How to make Fairy wings (with fabric)

You like fairies? Great, me too. I also like fairy wings and costumes… So let’s see how to make fairy wings! You can use it for any fantasy fairy, but also for those classical Tinkerbell wings.

Please note that these pictures are really old (and I’m aware the shape is….weird?) I’m aiming to make new and better pictures in the future. You can still get a good understanding of those though.

Table of Contents

Materials to make fairy wings of fabric

Cosplayer Grusli posing as the Pirate Fairy from Tinkerbell with fabric fairy wings

I’m using materials that are neither costly, nor hard to come by. You can find them in any home-improvement or craft store. For the frame I mostly use gardening wire. This wire is covered in a plastic/rubber coating. I found this easier to glue on than metal wire. If you wan, you can also use steel wire. I personally wouldn’t use aluminium, because it’s very soft and bends very easily. This might sound nice for the working process, but you don’t want your wire to bend once you touch another person at a convention!

You also need some translucent fabric. Organza is easy to work with, as it is translucent, but also a bit stiff. It won’t show much of the glue on it later either! If you’re confident you can also try chiffon or even a light silk. Or a stretchy mesh fabric or tulle. For starters though, I recommend organza.

Pliers and a wire cutter are very helpful too. If you don’t own any, you might want to invest in them. They’re helpful in a lot of crafting scenarios.

Last but not least: Paint and GLITTER for the decorations! All the rhinestones and glitter powder and paints! We’re Fairies, right? We need that glitter. I’m using acrylic paints for the most painting parts. But you can also use spray paints or airbrush for gradients, or fabric paints.

(Picture shows Cosplayer Grusli wearing her Pirate Fairy Costume with wings made with this technique. Picture shot by me)

Material overview

  • Wire (coated gardening wire or steel wire)
  • All purpose glue, or super glue if you want to be sure it’s waterproof
  • Translucent fabric (organza recommended for the first project)
  • Pliers and a wire cutter
  • Decorative materials, paint, glitter, rhinestones
This picture shows the materials to make fairy wings. You can find a detailed description below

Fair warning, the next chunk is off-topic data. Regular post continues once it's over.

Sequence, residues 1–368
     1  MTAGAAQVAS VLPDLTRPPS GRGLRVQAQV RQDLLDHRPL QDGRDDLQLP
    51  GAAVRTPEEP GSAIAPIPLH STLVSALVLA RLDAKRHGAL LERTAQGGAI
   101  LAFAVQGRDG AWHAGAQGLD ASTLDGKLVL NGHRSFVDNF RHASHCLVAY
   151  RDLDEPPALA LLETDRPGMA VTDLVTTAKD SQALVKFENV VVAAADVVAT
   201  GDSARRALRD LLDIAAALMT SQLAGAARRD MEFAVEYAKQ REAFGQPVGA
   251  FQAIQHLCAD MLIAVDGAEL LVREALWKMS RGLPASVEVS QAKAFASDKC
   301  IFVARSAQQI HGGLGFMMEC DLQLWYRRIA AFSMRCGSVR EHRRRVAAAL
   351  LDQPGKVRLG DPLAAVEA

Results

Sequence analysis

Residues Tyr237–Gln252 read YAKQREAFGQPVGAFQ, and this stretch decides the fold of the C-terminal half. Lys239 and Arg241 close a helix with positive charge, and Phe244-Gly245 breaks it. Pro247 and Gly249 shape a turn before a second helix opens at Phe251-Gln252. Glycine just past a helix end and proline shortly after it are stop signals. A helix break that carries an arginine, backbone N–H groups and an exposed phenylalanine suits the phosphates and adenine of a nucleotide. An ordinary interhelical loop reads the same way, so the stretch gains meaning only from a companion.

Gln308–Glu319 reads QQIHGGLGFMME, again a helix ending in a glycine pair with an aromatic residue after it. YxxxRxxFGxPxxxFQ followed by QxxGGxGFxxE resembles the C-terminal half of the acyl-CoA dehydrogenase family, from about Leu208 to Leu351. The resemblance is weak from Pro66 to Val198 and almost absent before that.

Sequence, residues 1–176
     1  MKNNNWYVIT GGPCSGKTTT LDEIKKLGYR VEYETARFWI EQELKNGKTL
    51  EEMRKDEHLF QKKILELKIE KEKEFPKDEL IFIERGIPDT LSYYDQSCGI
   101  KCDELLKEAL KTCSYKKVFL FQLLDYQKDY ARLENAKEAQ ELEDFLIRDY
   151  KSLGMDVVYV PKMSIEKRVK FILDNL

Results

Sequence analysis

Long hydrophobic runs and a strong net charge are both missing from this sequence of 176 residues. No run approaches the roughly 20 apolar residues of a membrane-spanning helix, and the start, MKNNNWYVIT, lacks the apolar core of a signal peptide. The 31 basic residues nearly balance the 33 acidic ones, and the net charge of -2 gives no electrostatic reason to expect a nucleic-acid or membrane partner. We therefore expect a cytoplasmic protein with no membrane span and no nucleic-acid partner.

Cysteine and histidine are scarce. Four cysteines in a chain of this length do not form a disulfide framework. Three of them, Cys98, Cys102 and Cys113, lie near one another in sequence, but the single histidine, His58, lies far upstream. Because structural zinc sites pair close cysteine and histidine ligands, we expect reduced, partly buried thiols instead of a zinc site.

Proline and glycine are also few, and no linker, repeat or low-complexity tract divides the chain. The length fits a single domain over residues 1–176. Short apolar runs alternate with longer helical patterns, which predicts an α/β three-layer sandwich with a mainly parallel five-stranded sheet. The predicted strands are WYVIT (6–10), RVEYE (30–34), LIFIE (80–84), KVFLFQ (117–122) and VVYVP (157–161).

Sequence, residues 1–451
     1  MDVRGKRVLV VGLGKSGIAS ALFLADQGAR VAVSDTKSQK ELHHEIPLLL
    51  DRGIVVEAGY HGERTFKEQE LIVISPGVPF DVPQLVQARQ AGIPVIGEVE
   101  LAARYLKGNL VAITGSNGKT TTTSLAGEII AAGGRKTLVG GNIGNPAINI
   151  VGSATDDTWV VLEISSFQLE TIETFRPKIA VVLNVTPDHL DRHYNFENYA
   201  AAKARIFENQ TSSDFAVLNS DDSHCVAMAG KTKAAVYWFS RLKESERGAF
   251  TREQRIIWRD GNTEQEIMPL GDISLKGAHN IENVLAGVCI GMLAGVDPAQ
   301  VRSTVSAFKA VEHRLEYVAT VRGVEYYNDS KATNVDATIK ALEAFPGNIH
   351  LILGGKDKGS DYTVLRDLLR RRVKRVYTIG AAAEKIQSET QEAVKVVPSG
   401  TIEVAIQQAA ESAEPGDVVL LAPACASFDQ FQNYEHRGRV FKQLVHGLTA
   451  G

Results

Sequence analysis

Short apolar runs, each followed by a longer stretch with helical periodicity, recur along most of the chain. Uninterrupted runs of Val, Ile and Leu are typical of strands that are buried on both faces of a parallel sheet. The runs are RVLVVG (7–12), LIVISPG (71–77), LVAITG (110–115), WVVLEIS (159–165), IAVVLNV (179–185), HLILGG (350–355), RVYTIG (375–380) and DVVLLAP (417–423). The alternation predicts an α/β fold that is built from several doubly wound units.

Making the frame

If you want, you can sketch out the shape of your wing on a piece of paper. Or you just bend it directly the way you want. It’s important that the frame lies as flat as possible on the ground. You will most likely buy your wire rolled up. Take your time to straighten it properly, so it is flat. This will help immensely with the process of putting the fabric to it.

Then bend your frame in your desired shape. If the wings are huge, you might need extra support inside them. So I recommend you part your design in smaller parts that aren’t heavy or very long.

Your wings have to be connected in some way. You can either do that like I do here, by weaving the wire ends into each other at the endings. Or you can bend the wire so that the endings are sticking out at the bottom, like in the graphic. I recommend use the second method. I’m going to explain more detailed why in “Connecting the wings”.

Once you’re done, you can paint your frame with the color of your fabric. This way it doesn’t look weird later. I use acrylic color to do so. If you are using steel wire, you might need to prime the wire first, so that the paint doesn’t rub off later. Of course you can also use Spray paint or airbrush to paint your frame.

The wire of the wing bent in shape and connected in the back.
The finished frame
The frame for the wing is painted white
You can paint the frame in a color of your liking
Graphic of the wing shape if you want an U-Connection (see description)
Alternative Shape for a U-Connection

Covering the frame with fabric

Iron your fabric so that it lays nice and flat. The less creases it has, the better. Be careful with the temperature of your iron. Organza is basically plastic, so it melts easily. You can cut your fabric so the size roughly fits your frame, which makes it easier to handle.

Glue it!

In the next step, I cover the wire with glue. Very small frames can be done with one step. However, most of the time you will have to repeat the next step until everything is covered.